Friday, January 22, 2021

Updated! 2021 Best JLPT Books for Level N2 and N3

The best way to study for the JLPT or any exam for that matter,
is to try to take mock tests, check your weak points, study, test again, repeat until your test scores break 80% and above consistently. 

My rule is that I should be getting 50% on mock test scores 6 months before the exam, and progressively improve on that. To do that, we can use books for learning the material and books specifically for testing grammar and reading. 

 

For the vocabulary and Kanji, I just use online flashcards. No need to buy Kanji books or vocabulary books in my opinion. But, for the grammar and reading, that's where the books really helped me. Links to the actual books included below.  


JLPT N2  

I took N2 twice, failed the first time.

The second time around, I had a better understanding of how to study and passed. 

Reading speed is essential.  Grammar patterns are essential. Listening is not that difficult, just get exposure. Vocabulary can be picked up from flashcards. Kanji is learned passively while learning vocabulary.

These resources helped me pass the 2nd time around...


1) Moshi to Taisaku N2 - I used this for N3, excellent resource. And used it again for N2, still excellent. Answer key has explanations.


2) Kanzen Master reading - for Reading, an absolute must! Must! Must! Answer the sample exams included with explanations for the answers. For N2, reading speed is essential so this is what I needed.


3) Power Drill Grammar - My favorite for grammar. 45 minutes per question set, not boring, learn to pace yourself perfectly!

You can take 1 Power Drill test a day and not get study fatigue. This is good for 0-3 months before the exam.

 
4) Mimi kara oboeru - book with audio, absolutely useful -> bombard yourself daily with the grammar patterns. I used the JLPT2 old version, still useful. The book contains additional example sentences not in the audio. Passive learning, just play the audio. If you want active learning, follow along with the text.


5) A dictionary of japanese grammar - very useful even after the JLPT, 3 books for lifetime Japanese learning. If something is not clear, it will usually be after you look it up in this excellent reference. Get the complete set -> basic, intermediate, advanced.

 

Not recommended: 

Sou Matome series (too easy, below actual exam difficulty) - I used these the first time and did not pass. :(


JLPT N3 

 
1) Kanzen master reading

The classic Kanzen master is an absolute lifesaver. Answer the mock reading exam at the end.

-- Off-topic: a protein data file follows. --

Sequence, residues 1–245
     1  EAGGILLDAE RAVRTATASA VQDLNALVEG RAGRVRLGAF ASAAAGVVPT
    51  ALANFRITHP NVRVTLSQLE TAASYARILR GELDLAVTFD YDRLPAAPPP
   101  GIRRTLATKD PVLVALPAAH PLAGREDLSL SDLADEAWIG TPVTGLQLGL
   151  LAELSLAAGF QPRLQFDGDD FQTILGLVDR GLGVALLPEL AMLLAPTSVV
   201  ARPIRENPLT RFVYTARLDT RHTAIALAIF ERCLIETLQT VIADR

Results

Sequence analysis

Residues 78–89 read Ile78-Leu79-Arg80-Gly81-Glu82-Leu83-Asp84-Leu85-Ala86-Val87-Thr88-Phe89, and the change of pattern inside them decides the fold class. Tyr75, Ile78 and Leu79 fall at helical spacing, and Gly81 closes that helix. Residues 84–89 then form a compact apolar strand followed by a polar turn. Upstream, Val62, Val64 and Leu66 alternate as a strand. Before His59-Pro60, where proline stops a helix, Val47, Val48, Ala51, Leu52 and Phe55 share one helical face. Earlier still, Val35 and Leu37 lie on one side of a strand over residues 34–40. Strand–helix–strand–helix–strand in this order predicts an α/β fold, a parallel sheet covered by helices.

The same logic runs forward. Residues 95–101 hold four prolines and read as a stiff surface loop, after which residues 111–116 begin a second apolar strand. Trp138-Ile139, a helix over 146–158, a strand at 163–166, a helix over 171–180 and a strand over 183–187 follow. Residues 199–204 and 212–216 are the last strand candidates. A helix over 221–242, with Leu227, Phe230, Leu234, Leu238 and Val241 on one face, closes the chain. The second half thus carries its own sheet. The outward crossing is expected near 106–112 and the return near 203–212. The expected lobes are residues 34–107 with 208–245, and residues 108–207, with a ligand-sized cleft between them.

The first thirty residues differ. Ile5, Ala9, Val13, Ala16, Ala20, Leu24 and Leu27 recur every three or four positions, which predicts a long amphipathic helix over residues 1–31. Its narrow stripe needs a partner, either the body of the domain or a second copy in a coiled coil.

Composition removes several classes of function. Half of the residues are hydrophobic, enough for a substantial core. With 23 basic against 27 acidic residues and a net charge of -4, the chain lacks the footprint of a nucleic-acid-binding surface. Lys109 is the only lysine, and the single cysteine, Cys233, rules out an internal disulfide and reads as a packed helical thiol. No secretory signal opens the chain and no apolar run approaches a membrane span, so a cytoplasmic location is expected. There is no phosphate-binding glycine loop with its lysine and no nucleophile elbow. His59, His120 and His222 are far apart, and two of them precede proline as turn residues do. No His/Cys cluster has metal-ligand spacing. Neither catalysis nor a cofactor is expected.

2) Mimi kara oboeru N3 grammar -

Listen and learn! It's very sticky. Text comes with additional sentence patterns. absolutely useful, also helps with listening. 

3) JLPT Try! N3

JLPT Try! is good for early on, around 3-6 months before the exam, for acquiring information. It covers listening, grammar, reading, vocabulary in one book. It's like an integrated all in one book. It's good but the exercises are too easy. I would still supplement it with a mock exam type of book. 

4) Power Drill grammar - 

My favorite for grammar. 45 minutes per question set, not boring, learn to pace yourself perfectly! You can take 1 test a day and not get study fatigue. This is good for 0-3 months before the exam. 

5) A dictionary of japanese grammar - very useful even after the JLPT, 3 books for lifetime Japanese learning. If something is not clear, it will usually be after you look it up in this excellent reference. Get the complete set -> basic, intermediate, advanced. 



Monday, April 20, 2020

Rosary Prayers in Nihongo

Sign of Cross
Chichi to Ko to Seirei no mina ni yotte. A-men

Creed
Tenchi No Souzoushu, zennou no Chichi de aru Kami wo shinjimasu.

Chichi no hitorigo, watashitachi no Shu Iesu Kirisuto wo shinjimasu. Shu wa seirei ni yotte yadori, otome Maria kara umare, Pontio Pirato no moto de kurushimi wo uke, jyuujika ni tsukerarete shini, houmurare, yomi ni kudari, mikkameni shishano uchi kara fukkatsushi, Ten ni nobotte, zennou no Chichi de aru Kami no migi no zani tsuki, seisha to shisha wo sabaku tameni koraremasu.

Seirei wo shinji, sei naru fuhen no kyoukai, seito no majiwari, tsumi no yurushi, karada no fukkatsu, eien no inochi o shinjimasu.
Amen.

Our Father
Ten ni orareru watashitachi no Chichiyo, mina ga sei to saremasu youni. Mikuni ga kimasu youni. Mikokoro ga ten ni okonawareru toori chi nimo okonawaremasu youni. Watashitachi no higoto no kate wo kyou mo oatae kudasai. Watashitachi no tsumi wo oyurushi kudasai. Watashitachi mo hito wo yurushimasu. Watashitachi wo yuuwaku ni ochiirasezu, aku kara osukui kudasai.
天におられるわたしたちの父よ、
み名が聖とされますように。